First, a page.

Living creatively means more than giving art a shot. Trying new things is important, and dabbling in creative pursuits is fulfilling in itself because the experience of learning new skills and then making something with our own hands is satisfying, even if the product isn’t exactly the quality thing we wish to make. When we dabble and fail, because as novices that’s what happens, we tend to give up and say the effort was an experiment. If we do it a few times, every now and then, we call it a hobby. Often we abandon the endeavor and move on to something else. Meanwhile, though we may harbor a little piece of creative notion about ourselves, we largely live our lives as though the arts are meant for someone else. We don’t think of ourselves as artists, we don’t act like artists, and we don’t create like artists.

Creative people have an attitude. I’ve probably said this before. And that attitude is one of defiance, and license, and of pride. For those who cannot abate this attitude the creative sensibility becomes a lifestyle. Creatives often look, talk and behave differently from “normal” people. Some of this dandyism comes from pride and ego and some of it comes from a lack of confidence that they are trying to overcome by being different. When a creative person moves from dabbling curiosity to daily living in the creative zone, their entire lifestyle becomes a resource for the creative effort. Through this evolution the true artist is manifested. In Campbell’s terms the mythology of the artist results in the real-world outcome of an artistic life. Artists create art, and there’s no stopping it once the persona is established.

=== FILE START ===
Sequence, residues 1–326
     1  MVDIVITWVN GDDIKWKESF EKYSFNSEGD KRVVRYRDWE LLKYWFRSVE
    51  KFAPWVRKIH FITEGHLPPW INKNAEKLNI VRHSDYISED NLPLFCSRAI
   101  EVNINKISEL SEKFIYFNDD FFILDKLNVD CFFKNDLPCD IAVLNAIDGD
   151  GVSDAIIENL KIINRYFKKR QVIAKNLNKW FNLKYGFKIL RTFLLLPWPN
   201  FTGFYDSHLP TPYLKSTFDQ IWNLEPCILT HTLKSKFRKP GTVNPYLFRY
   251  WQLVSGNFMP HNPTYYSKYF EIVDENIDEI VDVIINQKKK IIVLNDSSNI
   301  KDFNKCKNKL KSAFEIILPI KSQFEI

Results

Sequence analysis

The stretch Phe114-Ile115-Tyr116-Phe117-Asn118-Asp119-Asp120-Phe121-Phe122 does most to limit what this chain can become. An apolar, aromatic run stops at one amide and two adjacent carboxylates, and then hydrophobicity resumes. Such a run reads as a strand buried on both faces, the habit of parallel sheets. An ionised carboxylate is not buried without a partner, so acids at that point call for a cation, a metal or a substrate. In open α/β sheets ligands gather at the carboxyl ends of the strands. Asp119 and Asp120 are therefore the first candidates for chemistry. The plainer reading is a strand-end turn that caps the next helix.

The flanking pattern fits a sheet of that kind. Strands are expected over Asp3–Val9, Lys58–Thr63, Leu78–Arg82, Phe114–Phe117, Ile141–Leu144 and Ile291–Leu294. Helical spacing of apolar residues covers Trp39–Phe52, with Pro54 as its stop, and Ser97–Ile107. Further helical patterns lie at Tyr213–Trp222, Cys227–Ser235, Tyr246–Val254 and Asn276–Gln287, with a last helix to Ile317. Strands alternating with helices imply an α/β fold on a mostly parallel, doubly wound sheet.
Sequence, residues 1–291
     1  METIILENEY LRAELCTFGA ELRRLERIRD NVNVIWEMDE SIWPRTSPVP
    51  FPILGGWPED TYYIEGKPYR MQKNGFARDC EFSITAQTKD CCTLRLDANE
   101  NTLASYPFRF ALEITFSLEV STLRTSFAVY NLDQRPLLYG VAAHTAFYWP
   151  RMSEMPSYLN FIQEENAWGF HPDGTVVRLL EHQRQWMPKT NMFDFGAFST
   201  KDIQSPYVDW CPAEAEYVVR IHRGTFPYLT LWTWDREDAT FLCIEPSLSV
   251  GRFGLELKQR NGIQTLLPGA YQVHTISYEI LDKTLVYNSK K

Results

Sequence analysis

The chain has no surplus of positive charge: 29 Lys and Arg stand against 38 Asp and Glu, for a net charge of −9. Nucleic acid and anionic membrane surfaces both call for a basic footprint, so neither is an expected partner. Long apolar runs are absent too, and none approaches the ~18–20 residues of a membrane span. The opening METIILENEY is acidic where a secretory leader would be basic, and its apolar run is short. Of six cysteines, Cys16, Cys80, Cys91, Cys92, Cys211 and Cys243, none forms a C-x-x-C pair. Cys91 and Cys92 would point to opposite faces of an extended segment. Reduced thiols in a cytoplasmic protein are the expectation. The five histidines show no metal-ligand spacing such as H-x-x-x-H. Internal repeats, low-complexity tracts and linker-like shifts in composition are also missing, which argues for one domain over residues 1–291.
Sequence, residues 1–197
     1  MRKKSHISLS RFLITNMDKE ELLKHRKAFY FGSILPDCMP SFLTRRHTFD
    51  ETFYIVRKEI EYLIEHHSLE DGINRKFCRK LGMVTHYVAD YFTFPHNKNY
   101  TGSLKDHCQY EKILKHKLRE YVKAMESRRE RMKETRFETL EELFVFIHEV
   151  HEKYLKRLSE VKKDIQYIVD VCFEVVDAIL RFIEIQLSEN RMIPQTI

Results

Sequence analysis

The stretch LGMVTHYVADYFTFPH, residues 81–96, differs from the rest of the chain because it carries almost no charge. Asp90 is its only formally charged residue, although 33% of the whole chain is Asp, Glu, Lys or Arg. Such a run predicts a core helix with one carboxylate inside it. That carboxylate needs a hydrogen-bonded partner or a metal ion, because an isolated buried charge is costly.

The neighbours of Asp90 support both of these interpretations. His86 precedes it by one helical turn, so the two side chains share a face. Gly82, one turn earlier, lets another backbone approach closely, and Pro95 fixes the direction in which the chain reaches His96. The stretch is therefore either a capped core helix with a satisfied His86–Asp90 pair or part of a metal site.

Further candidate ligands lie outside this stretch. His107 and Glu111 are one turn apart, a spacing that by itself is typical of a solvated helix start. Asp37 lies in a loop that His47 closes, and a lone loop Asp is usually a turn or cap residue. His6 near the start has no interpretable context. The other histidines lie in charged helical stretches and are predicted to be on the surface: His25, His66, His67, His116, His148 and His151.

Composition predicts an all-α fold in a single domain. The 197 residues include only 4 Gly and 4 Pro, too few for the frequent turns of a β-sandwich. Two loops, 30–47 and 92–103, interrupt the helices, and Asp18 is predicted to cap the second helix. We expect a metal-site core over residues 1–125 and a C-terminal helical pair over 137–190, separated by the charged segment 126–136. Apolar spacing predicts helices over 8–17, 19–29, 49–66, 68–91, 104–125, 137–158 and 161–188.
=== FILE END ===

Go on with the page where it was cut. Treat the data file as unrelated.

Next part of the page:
A creative lifestyle is composed of many things that other lifestyles shy away from. Travel, idea and discussion, debate, creation, destruction, rebirth, change. These things take effort. They require an engaged mind and a level of energy. The will must be fully present and applied. All of creative effort is a matter of will. The work can be tedious and frustrating. Hopes can be dashed. Failure, once again, is ever-present. Few, if any, creative people who have gone on to have great success have never experienced failure. But they did not quit, because their will would not let them, nor would the calling.